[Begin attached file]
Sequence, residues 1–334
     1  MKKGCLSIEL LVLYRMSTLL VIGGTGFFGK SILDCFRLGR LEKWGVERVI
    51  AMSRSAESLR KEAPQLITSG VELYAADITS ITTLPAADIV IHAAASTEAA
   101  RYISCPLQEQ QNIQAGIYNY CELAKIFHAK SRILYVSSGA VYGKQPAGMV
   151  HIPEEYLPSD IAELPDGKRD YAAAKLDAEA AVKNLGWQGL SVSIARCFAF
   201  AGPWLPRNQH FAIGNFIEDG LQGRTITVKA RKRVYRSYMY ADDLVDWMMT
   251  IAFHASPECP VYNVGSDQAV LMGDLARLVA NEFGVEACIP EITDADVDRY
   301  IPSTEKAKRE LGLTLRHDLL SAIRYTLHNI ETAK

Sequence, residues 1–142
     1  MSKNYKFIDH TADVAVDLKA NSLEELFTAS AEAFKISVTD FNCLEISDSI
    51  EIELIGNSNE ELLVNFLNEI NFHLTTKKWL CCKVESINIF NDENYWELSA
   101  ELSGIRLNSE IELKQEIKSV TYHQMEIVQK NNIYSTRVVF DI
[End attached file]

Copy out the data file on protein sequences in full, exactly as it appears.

Sequence, residues 1–334
     1  MKKGCLSIEL LVLYRMSTLL VIGGTGFFGK SILDCFRLGR LEKWGVERVI
    51  AMSRSAESLR KEAPQLITSG VELYAADITS ITTLPAADIV IHAAASTEAA
   101  RYISCPLQEQ QNIQAGIYNY CELAKIFHAK SRILYVSSGA VYGKQPAGMV
   151  HIPEEYLPSD IAELPDGKRD YAAAKLDAEA AVKNLGWQGL SVSIARCFAF
   201  AGPWLPRNQH FAIGNFIEDG LQGRTITVKA RKRVYRSYMY ADDLVDWMMT
   251  IAFHASPECP VYNVGSDQAV LMGDLARLVA NEFGVEACIP EITDADVDRY
   301  IPSTEKAKRE LGLTLRHDLL SAIRYTLHNI ETAK

Sequence, residues 1–142
     1  MSKNYKFIDH TADVAVDLKA NSLEELFTAS AEAFKISVTD FNCLEISDSI
    51  EIELIGNSNE ELLVNFLNEI NFHLTTKKWL CCKVESINIF NDENYWELSA
   101  ELSGIRLNSE IELKQEIKSV TYHQMEIVQK NNIYSTRVVF DI